Gunn and Moore 2012 Epic cricket bat

Hey guys, welcome to my latest blog entry.


Today i am going to be talking more about my experience with the Gunn and Moore Epic cricket bat.




Whilst this pic only shows the face of the bat, it doesnt really do justice to the profile and the real potential of this incredible bat. Have a look at this short video review to find out what i really think of this new 2012 Gunn and moore epic cricket bat and get a good look at the profile as well. This is going to be one powerful bat. Feel free to keep on reading if you dont feel like watching the video.



I really hope you enjoyed that and it gave you a good perspective of what this bat looks like and hopefully it has helped you make a potential purchase.


Here are some close up HD pics of the GM epic cricket bat, the face, the edges and the awesome profile.

gunn and moore epic cricket bat side edge view


gunn and moore epic cricket bat rear profile vie


I am a big fan of this view below. because it shows exactly the profile differences of the three new Gunn and moore cricket bats. The GM halo, The GM 1885 and the GM epic cricket bats. all new for the 2012 cricket season.

GM halo, 1885 and epic cricket bats


Some of the major diffeences that you will see are:


The GM halo cricket bat has very little weight ( or wood ) up near the splice. It also has thinner edges up high on the bat. and has a very pronouced sweet spot, but its very concentrated to one area.


The GM 1885 cricket bat in the middle is a more traditional style cricket bat similar to the GM flare cricket bat but found that the GM 1885 had a lower sweet spot.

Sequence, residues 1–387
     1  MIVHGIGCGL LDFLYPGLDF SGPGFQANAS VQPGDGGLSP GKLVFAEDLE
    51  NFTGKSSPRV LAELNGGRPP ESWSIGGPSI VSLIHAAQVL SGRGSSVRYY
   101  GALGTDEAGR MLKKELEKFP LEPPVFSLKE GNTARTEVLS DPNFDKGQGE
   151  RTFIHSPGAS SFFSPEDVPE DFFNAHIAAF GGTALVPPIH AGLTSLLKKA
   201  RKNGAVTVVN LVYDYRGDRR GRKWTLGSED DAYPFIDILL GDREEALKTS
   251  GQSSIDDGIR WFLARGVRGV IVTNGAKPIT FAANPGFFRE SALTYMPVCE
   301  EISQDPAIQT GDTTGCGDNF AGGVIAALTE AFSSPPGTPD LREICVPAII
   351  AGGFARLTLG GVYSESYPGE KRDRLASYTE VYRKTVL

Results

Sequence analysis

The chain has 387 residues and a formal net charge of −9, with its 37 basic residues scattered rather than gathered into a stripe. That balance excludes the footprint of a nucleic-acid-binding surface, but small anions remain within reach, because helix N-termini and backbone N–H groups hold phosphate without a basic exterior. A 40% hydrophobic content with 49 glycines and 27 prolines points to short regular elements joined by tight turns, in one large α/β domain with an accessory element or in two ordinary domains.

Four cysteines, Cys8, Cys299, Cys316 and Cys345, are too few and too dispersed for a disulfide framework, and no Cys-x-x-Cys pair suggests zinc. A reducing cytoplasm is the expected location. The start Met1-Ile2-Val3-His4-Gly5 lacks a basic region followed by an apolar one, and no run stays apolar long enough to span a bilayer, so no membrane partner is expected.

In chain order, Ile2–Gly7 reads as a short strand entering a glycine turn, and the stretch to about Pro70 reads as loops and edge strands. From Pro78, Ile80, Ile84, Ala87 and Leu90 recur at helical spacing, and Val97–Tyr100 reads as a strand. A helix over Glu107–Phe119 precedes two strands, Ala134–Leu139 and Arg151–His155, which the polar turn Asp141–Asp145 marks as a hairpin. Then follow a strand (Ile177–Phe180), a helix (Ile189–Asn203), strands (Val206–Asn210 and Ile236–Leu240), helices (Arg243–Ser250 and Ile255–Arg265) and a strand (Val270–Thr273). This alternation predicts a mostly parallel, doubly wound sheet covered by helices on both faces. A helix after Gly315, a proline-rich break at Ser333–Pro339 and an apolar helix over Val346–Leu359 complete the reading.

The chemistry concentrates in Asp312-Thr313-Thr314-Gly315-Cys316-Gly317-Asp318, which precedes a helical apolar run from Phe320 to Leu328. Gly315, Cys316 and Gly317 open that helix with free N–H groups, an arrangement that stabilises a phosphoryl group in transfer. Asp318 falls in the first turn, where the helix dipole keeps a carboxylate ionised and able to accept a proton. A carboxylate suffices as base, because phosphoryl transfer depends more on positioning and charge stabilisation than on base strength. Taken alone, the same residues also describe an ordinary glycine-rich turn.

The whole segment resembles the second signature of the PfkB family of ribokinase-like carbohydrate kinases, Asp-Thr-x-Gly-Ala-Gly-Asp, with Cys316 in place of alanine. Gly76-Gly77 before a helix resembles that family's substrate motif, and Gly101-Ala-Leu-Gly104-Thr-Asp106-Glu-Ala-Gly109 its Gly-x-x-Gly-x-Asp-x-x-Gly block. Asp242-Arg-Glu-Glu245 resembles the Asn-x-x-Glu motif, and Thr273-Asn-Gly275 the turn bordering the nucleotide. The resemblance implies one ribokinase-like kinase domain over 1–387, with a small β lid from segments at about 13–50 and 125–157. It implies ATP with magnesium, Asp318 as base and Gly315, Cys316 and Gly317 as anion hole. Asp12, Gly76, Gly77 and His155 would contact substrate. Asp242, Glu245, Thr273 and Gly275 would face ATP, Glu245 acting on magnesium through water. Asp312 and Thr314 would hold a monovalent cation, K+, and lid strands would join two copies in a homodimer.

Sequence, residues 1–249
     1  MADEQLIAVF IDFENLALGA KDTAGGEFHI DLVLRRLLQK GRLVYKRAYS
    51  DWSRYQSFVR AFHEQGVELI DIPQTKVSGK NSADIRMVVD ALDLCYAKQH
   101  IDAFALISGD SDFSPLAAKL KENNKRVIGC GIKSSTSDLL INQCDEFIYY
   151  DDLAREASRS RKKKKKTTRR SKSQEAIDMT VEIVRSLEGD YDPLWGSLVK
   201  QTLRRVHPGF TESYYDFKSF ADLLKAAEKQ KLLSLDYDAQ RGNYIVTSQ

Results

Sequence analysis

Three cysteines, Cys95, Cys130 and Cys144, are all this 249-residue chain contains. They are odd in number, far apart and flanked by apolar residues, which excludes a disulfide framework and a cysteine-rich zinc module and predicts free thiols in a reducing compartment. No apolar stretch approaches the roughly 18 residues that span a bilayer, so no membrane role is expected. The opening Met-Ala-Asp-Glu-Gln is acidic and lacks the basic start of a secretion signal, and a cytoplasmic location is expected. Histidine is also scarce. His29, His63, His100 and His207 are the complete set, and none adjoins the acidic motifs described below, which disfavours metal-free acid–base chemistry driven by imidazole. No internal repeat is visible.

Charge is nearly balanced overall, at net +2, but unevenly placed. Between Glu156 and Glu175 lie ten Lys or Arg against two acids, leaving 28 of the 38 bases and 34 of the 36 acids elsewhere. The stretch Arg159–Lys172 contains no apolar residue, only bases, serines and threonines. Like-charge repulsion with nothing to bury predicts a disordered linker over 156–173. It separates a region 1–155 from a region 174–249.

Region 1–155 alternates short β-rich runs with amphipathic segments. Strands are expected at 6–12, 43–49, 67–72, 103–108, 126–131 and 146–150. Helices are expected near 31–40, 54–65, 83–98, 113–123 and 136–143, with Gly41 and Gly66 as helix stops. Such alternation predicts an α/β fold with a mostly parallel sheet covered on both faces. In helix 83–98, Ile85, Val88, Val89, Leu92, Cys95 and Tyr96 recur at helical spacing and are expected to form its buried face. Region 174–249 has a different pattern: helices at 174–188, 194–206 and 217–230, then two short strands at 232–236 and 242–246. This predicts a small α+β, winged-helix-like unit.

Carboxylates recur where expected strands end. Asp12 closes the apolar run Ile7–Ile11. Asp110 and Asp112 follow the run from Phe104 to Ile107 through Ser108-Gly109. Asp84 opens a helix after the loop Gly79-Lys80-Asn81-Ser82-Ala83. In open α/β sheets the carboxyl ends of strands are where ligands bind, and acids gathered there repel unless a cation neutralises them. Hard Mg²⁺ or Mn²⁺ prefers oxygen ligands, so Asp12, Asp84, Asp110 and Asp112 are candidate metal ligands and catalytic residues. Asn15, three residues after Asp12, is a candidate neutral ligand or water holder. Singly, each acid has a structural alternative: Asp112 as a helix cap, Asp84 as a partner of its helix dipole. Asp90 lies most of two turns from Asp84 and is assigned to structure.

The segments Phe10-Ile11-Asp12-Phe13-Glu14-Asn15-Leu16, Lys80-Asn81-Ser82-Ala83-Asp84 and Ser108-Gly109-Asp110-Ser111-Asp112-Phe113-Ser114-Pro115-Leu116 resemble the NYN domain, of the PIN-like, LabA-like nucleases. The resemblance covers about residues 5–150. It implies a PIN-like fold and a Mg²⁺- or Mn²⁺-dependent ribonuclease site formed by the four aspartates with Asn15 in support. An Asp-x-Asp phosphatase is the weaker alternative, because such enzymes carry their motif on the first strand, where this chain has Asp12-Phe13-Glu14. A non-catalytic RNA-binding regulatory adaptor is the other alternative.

Then the GM epic cricket bat on the left as you can see has thick edges that span all the way from the toe all the way up the bat leading all the way to the shoulder of the cricket bat. The splice area of the bat is much thicker than the other two models and the sweet spot is spread out over a much bigger area increasing the sweet spot or meat of the bat. The sweet spot is also very low which means you could use this bat on low bouncing pitches ( like in india ) or you could use it on the bouncy pitches in Australia or South africa.


Some of the information we get off the Gunn and Moore website ( )


are things like :

Big edges, yes i would agrre with that, but dont think they are huge, because they are not.

Elongated swell height, yes the sweet spot ( swell ) goes all the way from just above the toe a long way up the back of the bat.

Perimeter weighting, not sure exactly what that means but its probably meaning that this bat has big edges and it carries some weight behind them. making hitting the ball near the edges that much easier.

Substantial toe, yes this bat has some extra profile wood behind the toe. The spine is shaves steep and this ridge goes all the way down to the toe of the bat. giving it a bit of extra umph!!

Made in england from prime english willow, well i damn well hope so.


Overall i think this is a big hitters bat as well as a touch player bat. i mean who cant do with a bigger sweet spot. I think we all can. Please keep in touch an let us know how your cricket is going.